01 March 2012
Pioneer Women in Electronic Music
Day 1 Delia Derbyshire
Over the next seven days leading up to International Women's Day, we will be talking about pioneer women in electronic music.
For the first of our series of blogs about female pioneers of audio recording and electronic music, we pay tribute to ‘Sculptress of Sound’ Delia Derbyshire.
The ‘woman behind the wobbulator’ worked briefly for the United Nations in Geneva following her rejected application for Decca Recording Studios in London (they ‘did not employ women in [their] recording studios’) but despite being knocked back by various companies she continued to pursue her passion which would eventually lead her to land an opportunity with the BBC in 1960 as a trainee assistant studio manager...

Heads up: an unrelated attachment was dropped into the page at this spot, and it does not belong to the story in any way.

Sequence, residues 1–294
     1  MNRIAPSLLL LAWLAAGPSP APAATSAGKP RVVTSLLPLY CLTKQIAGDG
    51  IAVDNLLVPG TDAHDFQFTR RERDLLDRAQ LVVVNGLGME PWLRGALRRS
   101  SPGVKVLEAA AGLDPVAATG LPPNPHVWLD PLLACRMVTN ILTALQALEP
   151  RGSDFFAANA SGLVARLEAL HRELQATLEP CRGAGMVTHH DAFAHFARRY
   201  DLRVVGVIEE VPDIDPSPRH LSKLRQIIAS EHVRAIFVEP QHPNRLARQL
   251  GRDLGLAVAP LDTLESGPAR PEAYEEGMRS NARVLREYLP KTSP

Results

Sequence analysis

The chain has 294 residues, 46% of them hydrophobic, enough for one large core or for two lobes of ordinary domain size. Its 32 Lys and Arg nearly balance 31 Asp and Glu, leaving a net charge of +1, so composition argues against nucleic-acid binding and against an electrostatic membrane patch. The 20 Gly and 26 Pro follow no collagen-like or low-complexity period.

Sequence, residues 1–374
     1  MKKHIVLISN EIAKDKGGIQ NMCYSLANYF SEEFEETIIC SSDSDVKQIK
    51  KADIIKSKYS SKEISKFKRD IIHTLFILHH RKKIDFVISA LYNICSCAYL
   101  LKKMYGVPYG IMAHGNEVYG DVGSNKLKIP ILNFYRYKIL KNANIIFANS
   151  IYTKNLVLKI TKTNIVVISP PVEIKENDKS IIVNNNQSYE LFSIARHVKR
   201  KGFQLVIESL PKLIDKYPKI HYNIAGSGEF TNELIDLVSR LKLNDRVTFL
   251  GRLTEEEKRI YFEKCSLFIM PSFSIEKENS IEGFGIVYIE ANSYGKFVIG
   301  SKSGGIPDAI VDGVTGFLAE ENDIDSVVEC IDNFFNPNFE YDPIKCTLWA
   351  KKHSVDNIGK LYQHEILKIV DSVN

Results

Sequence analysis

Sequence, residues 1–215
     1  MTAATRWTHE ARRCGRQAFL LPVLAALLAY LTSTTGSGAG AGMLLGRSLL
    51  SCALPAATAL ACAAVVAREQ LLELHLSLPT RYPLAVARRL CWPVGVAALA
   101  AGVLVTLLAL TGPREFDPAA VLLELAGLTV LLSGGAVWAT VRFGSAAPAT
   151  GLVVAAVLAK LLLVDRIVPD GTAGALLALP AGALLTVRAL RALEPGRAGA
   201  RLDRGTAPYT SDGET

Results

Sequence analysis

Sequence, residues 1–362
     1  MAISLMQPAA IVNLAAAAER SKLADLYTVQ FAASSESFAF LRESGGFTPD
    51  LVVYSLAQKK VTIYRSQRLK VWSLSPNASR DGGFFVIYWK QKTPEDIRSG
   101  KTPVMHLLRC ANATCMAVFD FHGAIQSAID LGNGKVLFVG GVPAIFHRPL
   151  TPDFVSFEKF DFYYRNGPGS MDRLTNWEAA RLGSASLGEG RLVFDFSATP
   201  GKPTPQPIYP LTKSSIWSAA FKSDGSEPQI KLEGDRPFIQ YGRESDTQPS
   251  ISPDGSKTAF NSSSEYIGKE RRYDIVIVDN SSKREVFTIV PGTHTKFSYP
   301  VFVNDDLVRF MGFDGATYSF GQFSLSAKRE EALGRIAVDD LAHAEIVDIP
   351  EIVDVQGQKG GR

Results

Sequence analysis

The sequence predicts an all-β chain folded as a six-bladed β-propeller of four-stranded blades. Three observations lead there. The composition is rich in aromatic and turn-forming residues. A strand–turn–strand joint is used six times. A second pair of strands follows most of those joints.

The senior studio executive at Maida Vale Studios, Desmond Briscoe, soon realised that the tall, quiet, auburn-haired Delia was not only enthusiastic but enormously creative and talented and ‘greatly admired her analytical approach to synthesise complex sounds from electronic sources’. ‘The mathematics of sound,’ he said, ‘came naturally’ and as a result he invited her to join their experimental and innovative Radiophonic Workshop in 1962 where she was to stay for over ten years.
With no way of knowing how influential her work at the Radiophonic Workshop would become over the following decades, one of her first assignments was to realise one of the first electronic signature tunes ever used on television: Ron Grainer's score for the new science fiction series, Dr Who. Delia and her engineer Dick Mills had to create each sound and shape them for use on the track afterwards from scratch using innovative techniques.
You can watch the whole ‘Sculptress of Sound’ documentary here: